By Vivian Cheng
It is the classic winter dilemma: the temperature is 26 degrees outside (around -3 for all you metric fans), but step inside and it’s sweltering. When you try to fix this by peeling off your sweater, it becomes a little too chilly. Keep the layers on, and you start sweating. Now multiply this by everyone in the building, each with their own temperature preference, and you’ve got a real problem.
The Massachusetts Institute of Technology is working on a project that could potentially offer a solution. WristQue, a thin, plastic wristband, works with a “smart” building’s integrated sensors to control temperature, humidity, and lighting. With a touch of a button, wearers indicate whether they are too warm or too cold. The device communicates with the sensors to keep temperatures optimum and power bills minimum.
How Does WristQue Work?
WristQue keeps track of where users go and when they arrive. As more people walk into a room, motion sensors in the room detect how many people come in and who they are. If no one indicates whether they want the room to be warmer or cooler, the system sets to a default temperature.
As people tell their WristQue what temperature they prefer, the building adjusts to satisfy the majority by adjusting windows, air conditioning, or heat. Smart buildings even have environmental sensors outside that can tell how much the temperature would change if a window was opened.
Once the system starts detecting patterns of people coming in and out of the room, it starts predicting when to change the temperature. Based on the data from the previous week, the system automatically adjusts the temperature to a comfortable level in the room before people actually start coming in. When people leave the room, opened windows are closed and if the air conditioning is turned on, it automatically turns off, which saved 24% of energy during one three-week test of the system.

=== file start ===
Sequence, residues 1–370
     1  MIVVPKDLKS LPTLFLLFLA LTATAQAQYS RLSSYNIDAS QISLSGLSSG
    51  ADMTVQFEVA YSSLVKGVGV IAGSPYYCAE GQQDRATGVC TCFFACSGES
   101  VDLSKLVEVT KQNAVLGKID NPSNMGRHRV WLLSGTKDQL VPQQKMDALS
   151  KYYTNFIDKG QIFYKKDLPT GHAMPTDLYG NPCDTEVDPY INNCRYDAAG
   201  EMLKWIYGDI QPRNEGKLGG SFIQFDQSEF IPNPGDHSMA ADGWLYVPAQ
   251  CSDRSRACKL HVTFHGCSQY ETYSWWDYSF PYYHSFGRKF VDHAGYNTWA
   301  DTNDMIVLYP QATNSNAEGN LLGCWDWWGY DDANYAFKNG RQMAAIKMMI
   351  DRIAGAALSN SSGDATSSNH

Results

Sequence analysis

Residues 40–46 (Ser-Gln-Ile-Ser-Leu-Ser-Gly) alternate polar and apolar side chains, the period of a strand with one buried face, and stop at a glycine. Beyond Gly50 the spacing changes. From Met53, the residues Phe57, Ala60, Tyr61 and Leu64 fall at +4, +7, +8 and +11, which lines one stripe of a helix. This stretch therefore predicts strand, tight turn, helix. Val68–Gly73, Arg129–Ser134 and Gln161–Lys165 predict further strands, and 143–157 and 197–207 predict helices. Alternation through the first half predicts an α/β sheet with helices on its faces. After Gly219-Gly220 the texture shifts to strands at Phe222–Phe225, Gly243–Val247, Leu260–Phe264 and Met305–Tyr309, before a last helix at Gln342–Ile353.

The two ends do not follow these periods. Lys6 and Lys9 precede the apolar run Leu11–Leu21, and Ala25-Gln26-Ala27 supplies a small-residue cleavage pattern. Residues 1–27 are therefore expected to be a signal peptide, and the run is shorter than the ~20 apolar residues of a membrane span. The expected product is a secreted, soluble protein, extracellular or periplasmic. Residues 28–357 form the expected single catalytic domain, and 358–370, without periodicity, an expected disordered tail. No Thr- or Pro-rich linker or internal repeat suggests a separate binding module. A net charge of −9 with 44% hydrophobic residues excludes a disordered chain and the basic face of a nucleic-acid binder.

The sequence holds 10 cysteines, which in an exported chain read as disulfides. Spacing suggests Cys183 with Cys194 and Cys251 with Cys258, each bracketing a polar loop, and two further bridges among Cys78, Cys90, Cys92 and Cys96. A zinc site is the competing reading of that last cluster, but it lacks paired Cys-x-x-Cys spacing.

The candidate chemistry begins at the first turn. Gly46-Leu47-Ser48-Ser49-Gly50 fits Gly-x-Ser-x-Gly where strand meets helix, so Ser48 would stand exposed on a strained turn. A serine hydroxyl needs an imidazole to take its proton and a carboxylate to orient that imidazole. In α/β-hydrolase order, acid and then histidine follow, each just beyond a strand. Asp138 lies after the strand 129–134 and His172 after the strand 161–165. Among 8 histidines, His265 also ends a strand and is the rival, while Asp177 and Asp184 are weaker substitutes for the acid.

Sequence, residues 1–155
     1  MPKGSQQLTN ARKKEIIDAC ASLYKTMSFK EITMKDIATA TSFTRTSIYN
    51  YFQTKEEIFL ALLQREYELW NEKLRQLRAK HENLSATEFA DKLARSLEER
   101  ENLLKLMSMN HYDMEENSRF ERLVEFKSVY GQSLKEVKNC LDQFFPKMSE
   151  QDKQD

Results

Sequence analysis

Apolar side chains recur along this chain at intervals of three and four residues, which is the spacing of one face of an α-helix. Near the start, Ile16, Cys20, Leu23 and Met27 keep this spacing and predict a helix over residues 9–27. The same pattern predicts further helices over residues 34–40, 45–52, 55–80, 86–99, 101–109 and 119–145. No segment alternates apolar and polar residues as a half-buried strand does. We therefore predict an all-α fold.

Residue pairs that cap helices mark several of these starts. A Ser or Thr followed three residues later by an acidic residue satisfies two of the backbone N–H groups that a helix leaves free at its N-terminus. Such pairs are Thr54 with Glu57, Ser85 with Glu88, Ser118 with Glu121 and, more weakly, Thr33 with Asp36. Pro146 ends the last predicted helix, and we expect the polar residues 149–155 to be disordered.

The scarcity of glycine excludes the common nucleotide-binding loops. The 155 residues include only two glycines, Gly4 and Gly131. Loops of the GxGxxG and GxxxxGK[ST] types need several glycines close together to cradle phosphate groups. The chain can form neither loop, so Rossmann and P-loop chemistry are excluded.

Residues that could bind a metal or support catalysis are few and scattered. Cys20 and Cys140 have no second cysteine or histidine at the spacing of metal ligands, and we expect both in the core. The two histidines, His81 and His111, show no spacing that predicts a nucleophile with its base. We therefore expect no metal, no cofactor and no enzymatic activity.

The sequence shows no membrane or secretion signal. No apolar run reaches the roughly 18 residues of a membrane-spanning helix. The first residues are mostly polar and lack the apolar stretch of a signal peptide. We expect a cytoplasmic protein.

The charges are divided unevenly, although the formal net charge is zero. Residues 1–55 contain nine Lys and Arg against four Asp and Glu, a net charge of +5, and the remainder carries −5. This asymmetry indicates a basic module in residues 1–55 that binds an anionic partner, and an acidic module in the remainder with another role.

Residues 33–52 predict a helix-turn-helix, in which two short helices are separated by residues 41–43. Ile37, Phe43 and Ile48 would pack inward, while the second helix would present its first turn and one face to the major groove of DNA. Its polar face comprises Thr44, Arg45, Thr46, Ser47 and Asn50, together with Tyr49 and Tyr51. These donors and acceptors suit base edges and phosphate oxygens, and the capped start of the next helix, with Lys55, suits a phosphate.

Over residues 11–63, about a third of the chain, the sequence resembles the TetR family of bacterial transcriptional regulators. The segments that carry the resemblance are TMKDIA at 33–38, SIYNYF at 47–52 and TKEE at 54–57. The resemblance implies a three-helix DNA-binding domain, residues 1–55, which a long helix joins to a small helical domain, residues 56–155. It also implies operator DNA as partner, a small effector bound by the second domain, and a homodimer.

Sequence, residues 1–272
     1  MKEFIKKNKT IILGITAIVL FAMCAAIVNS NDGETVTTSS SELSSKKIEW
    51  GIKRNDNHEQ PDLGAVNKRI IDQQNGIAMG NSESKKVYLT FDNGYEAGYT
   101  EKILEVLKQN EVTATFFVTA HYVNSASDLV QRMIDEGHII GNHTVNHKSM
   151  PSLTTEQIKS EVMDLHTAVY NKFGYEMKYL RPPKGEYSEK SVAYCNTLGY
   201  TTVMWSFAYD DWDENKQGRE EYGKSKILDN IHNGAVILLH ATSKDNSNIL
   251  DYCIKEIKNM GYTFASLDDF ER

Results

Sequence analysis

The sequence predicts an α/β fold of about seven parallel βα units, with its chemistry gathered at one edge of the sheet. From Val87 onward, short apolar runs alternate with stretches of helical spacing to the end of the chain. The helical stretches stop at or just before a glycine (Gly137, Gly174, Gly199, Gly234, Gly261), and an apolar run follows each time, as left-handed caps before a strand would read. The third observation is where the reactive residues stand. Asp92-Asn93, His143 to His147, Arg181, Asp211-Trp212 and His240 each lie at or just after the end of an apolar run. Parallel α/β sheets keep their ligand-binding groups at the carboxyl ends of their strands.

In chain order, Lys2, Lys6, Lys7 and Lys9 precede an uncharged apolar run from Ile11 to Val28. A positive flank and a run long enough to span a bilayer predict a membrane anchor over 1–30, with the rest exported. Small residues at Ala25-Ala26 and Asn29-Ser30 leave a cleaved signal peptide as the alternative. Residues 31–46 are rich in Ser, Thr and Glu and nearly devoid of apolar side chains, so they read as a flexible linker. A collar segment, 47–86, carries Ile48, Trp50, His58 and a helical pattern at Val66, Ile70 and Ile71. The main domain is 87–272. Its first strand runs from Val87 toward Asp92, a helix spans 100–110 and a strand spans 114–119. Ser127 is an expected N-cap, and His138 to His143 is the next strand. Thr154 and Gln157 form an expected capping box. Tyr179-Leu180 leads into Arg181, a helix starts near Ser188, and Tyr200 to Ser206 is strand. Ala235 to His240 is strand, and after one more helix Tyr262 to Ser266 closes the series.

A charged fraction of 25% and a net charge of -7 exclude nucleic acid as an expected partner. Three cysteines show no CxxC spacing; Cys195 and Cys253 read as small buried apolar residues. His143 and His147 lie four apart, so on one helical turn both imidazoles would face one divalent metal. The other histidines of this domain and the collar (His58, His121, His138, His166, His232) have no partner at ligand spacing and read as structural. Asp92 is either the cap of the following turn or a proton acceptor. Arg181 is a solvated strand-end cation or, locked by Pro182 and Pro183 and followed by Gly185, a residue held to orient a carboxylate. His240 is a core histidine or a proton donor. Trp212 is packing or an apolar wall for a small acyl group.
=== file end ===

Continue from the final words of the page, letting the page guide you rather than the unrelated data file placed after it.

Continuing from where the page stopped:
Despite the complex software, the WristQue hardware keeps it simple. The prototype wristband has only three buttons: two that control temperature and a third allows the wearer to interface with nearby devices, such as a television or a computer. Because it’s still in its early stages, WristQue may eventually include other controls, such as a slider to control the lighting. It can’t include too many other controls, though, because WristQue is meant to be as unobtrusive and simple as possible.
Whether we will all wear WristQue devices in the future is an open question. Such a device, even without a personal tracking feature, is sure to raise privacy concerns. Despite the fact that cell-phones function in much the same way, employees may be hesitant to give their bosses another way to keep tabs on them. When the final design is rolled out every precaution should be made to make sure the devices do not track anymore information than they need, and to carefully convey this information to the end user.
Another obstacle: the WristQue system is easy enough for a human to wear, but equipping an older building with the sensors and automation needed to adjust windows and thermostat settings could be cost prohibitive. Newer buildings, however, can be built from the ground-up for such a “smart” system.
Whether or not WristQue ever sees production, it is clear “smart” thermostats will be a major part of our future energy saving strategy. The WristQue model is similar to the Nest home thermostat (Nvate, December 2011), the sleek thermostat that “learns” your temperature preferences and adjusts accordingly.
Both WristQue and Nest represent the kind of win-win technologies we need to reduce carbon emissions and energy use; technologies which reduce expenses, increase comfort, and yes, cut down on energy use and carbon emissions.